When you want to test the relationship (correlation) between two continuous variables, the main methods are easily learnt and very well documented. Scatterplots with regression lines, pearsons correlation tests and linear regression models reveal a tremendous amount of insight.

However, if you want to generate similarly useful insights about the relationship between a discrete and a categorical variable, information about appropriate methods seems very thin on the ground. Certainly this wasn't covered in my stats courses.

What are the tried and tested ways of exploring relationships between discrete and categorical data?

  • $\begingroup$ Why won't the methods you mention for continuous variables work for a continuous and a categorical variable? It seems to me that in general they are, which makes me suspect you might have some specific application in mind (which is good) but that you haven't given us any information about what makes it special. $\endgroup$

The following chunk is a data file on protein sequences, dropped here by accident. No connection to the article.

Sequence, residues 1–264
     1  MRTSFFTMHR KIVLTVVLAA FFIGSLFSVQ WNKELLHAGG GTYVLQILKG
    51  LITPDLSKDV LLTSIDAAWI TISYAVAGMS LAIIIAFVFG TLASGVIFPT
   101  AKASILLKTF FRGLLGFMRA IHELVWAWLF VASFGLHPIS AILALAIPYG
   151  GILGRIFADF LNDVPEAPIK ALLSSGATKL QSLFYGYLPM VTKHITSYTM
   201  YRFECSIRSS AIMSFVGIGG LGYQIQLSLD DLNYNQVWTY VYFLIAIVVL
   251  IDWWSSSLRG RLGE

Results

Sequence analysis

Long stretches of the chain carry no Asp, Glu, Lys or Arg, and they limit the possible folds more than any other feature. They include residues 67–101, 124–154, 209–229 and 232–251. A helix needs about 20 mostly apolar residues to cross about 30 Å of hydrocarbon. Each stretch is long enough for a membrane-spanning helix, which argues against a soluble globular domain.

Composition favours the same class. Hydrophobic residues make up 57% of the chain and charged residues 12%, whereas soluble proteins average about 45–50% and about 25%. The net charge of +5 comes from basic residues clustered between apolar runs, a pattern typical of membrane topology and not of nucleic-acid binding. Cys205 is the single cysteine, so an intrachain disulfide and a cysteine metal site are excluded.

– whuber
    Feb 2, 2016 at 20:31
  • $\begingroup$ @whuber Yes, ok, thanks, so here are two examples. Salary (discrete in my case as it is rounded) by gender (categorical). Days absent from work (discrete, count) by seniority grade (categorical). $\endgroup$
    – RDJ
    Feb 2, 2016 at 20:38
  • $\begingroup$ (categorical or numeric) are orthogonal to (discrete or continuous). $\endgroup$
    – mandata
    Feb 3, 2016 at 5:55

1 Answer 1


In this particular case, lets call discrete variables "ordinal", depending on the number of values, as the latter quality would determine how it might be analyzed.

The easy answer is that if you have 7 or more values in the ordinal variable, it starts acting like a quantitative variable and it can start to be analyzed in that fashion. In either case, the graphic to begin with regarding categorical vs ordinal would be a box-and-whisker. (unless there were very few ordinal values)

If the ordinal variable has 7 values or less, you might treat it as a categorical variable. But there are measures specifically for categeorical vs ordinal, like the eta, or the intrepid rank biseral.


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